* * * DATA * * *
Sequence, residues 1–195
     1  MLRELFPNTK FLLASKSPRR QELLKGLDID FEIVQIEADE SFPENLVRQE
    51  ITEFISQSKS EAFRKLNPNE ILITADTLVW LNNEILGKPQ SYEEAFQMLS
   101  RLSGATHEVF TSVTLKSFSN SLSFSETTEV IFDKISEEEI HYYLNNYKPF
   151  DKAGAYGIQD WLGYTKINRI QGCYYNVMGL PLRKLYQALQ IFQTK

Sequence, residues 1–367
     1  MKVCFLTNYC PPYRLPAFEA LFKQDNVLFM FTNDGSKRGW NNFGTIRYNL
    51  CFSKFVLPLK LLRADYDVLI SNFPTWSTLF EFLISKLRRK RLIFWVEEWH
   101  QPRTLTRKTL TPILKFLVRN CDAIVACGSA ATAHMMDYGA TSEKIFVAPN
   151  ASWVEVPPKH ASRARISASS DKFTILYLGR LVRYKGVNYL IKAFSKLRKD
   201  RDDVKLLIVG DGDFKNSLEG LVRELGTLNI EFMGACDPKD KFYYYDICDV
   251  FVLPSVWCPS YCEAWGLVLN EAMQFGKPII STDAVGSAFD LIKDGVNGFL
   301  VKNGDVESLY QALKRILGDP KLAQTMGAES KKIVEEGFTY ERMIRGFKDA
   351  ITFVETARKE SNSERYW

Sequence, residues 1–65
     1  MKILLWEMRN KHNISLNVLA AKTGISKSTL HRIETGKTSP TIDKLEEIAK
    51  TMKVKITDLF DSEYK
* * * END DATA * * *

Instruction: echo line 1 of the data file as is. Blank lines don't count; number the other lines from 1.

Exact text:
Sequence, residues 1–195